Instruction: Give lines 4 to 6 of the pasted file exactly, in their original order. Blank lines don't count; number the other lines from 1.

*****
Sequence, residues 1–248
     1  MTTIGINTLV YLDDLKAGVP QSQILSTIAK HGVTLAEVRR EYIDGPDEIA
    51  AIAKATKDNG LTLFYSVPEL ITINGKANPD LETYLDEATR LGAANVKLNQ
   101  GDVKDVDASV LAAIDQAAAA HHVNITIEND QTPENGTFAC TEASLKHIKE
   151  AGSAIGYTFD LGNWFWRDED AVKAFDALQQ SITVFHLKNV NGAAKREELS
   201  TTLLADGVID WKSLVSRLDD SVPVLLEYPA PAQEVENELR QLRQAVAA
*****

   101  GDVKDVDASV LAAIDQAAAA HHVNITIEND QTPENGTFAC TEASLKHIKE
   151  AGSAIGYTFD LGNWFWRDED AVKAFDALQQ SITVFHLKNV NGAAKREELS
   201  TTLLADGVID WKSLVSRLDD SVPVLLEYPA PAQEVENELR QLRQAVAA